Cal­i­for­nia Dreamin’: Cass Elliot Before The Mamas & The Papas

Péné­lope Bagieu; Nanette McGuin­ness, trans.

  • Review
By – January 24, 2018

The voice. The pres­ence. The soul. Noth­ing about Mama” Cass Elliot, one of the most dynam­ic per­form­ers to emerge from the hal­cy­on days of the groovy six­ties, is unfor­get­table. Though it is her work with The Mamas and the Papas that is often most remem­bered, Elliott her­self lived an incred­i­ble, though all-too-brief life. Her lega­cy as the doyenne of folk brought togeth­er voic­es that con­tin­ue to rever­ber­ate in our hearts and our mem­o­ries. And yet, for all the suc­cess she found in her life — through her music, her tele­vi­sion career, and her cura­tion of the great­est tal­ent to ever be found in pop­u­lar music in the sec­ond half of the twen­ti­eth cen­tu­ry — lurk­ing in the shad­ows was an ever-present dark­ness, a des­per­a­tion for love and affec­tion that was all too human.

No one’s get­ting fat, cept Mama Cass…

The ear­ly part of Ellen Cohen’s life sto­ry, before the mega-star­dom that the per­sona of Mama Cass would engen­der, is told mov­ing­ly in a recent­ly released graph­ic biog­ra­phy, Cal­i­for­nia Dreamin’: Cass Elliot Before The Mamas & the Papas, writ­ten and drawn by French car­toon­ist and writer Péné­lope Bagieu. Bagieu’s work here is impact­ful in its sim­plic­i­ty and grace. Employ­ing a style that eschews com­pli­ca­tions and aims for the imme­di­a­cy of pen­cil on paper, she con­structs a biog­ra­phy that, inter­est­ing­ly, isn’t told from the point of view of Elliot. Rather inge­nious­ly, the sto­ry of Mama Cass is told by the peo­ple around her, com­ment­ing on the stages of her life as she goes from a lit­tle girl enthralled by her father’s tales of epic hero­ines, to an awk­ward Jew­ish teenag­er in Bal­ti­more, to singing in the folk clubs down in the Vil­lage, before ulti­mate­ly join­ing a rag­tag group of reject­ed singers who would soon leave an indeli­ble mark on Amer­i­can pop culture.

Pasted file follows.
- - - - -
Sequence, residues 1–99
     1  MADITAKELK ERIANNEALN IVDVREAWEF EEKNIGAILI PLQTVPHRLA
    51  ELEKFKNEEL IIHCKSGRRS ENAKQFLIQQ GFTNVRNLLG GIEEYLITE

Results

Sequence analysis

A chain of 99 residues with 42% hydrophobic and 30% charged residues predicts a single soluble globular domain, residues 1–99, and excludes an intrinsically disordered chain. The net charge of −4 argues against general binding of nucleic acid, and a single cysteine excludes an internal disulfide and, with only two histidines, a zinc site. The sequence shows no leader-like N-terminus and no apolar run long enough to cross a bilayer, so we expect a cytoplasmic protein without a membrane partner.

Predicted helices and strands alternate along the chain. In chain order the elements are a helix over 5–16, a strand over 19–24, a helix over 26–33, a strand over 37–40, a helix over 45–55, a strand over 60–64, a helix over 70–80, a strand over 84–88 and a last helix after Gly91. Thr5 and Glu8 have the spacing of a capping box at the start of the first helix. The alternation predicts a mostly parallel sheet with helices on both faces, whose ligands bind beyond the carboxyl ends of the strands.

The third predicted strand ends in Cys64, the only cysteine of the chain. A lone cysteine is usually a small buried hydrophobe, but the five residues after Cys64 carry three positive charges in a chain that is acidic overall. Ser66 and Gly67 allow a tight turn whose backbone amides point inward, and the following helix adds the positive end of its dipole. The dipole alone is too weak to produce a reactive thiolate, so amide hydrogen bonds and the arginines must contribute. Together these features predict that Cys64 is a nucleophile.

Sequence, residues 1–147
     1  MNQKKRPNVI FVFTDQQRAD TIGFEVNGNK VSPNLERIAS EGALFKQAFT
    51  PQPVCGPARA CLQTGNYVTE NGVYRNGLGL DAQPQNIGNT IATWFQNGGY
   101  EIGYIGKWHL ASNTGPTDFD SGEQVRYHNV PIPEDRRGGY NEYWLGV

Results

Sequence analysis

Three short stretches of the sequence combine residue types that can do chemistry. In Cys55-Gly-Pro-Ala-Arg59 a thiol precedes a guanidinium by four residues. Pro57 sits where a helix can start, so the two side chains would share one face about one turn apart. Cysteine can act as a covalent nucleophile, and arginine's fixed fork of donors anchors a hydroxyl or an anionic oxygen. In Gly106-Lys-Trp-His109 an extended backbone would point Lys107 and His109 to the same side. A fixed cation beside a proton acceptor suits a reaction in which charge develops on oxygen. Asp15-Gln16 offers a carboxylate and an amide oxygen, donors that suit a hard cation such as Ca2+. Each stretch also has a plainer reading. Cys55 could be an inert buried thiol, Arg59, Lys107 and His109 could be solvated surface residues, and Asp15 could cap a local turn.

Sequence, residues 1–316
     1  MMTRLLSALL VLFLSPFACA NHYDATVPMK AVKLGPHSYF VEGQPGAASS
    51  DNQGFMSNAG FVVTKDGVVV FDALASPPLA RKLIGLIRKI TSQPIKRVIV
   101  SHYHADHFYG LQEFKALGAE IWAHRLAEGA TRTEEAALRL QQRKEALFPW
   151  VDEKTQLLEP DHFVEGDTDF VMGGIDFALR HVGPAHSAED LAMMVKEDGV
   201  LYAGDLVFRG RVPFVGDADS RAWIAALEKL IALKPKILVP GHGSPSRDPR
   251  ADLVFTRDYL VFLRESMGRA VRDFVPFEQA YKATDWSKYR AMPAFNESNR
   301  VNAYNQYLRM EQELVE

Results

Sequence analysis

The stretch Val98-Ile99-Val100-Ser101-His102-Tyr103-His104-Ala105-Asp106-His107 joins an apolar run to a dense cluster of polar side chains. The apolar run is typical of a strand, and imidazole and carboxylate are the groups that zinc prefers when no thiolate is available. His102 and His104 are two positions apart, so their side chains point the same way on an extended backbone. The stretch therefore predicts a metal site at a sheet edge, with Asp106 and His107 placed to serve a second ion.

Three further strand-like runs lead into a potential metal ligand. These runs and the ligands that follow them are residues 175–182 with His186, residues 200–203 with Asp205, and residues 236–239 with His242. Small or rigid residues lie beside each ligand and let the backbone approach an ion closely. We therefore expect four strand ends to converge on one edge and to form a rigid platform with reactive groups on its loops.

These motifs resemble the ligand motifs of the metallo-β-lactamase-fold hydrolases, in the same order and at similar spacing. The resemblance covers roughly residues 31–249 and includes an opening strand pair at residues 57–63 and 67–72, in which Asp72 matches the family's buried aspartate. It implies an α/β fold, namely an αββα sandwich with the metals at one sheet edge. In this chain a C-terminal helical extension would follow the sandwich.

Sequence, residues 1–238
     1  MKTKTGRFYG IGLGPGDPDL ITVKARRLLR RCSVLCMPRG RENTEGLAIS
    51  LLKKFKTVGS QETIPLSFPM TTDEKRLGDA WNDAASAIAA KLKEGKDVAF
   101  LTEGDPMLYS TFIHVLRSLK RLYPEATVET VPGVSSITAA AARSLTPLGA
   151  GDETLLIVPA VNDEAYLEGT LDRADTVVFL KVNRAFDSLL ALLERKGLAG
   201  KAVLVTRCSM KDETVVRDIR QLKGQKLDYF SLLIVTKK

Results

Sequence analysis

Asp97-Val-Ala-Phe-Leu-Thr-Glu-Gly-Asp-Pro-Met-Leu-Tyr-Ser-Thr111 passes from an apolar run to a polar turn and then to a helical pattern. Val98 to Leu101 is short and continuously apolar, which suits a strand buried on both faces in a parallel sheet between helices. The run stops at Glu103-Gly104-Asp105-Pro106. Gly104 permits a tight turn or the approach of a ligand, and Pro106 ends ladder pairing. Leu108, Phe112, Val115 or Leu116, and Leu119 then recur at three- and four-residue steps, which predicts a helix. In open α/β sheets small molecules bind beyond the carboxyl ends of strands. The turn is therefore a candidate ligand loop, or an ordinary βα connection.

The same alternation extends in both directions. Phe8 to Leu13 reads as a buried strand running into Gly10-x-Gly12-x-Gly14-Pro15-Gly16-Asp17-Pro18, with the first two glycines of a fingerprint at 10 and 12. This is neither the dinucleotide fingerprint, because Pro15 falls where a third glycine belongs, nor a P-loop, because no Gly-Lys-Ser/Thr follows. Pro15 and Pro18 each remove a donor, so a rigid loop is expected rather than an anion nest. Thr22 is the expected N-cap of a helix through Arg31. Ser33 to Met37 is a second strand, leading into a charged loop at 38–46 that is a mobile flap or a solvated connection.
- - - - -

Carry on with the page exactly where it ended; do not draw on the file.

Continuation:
Elliot, nev­er one to fol­low the beat of any oth­er drum­mer, is depict­ed as res­olute about her dreams of being a star. But for all her blus­ter and her (not unplaced) ego, she is also shown to have been reserved, shy, and unsuc­cess­ful at love. Her unre­quit­ed love for many peo­ple, espe­cial­ly her band­mate Den­ny Doher­ty, expose her vul­ner­a­ble side, the side that couldn’t be ful­filled with music. Unflinch­ing­ly, Bagieu explores Elliot’s exper­i­men­ta­tion with drugs as being as much of a quest to quell the demons of soli­tude, rejec­tion, and fail­ure, as an effort to escape the mun­dan­i­ty of female domesticity.

Cass can’t make it, she says we’ll have to fake it

Read­ers will walk away from this book with the tunes of the Mama and the Papas swirling inside their cra­ni­ums — they are irre­sistible ear­worms, after all. And even though the tale is told in black and white, it ends as the swirls of psy­che­delia loom and the flow­ers are just begin­ning to grow. With this book, Bagieu deft­ly crafts an impec­ca­ble operetta of folk music and unbri­dled dreams.

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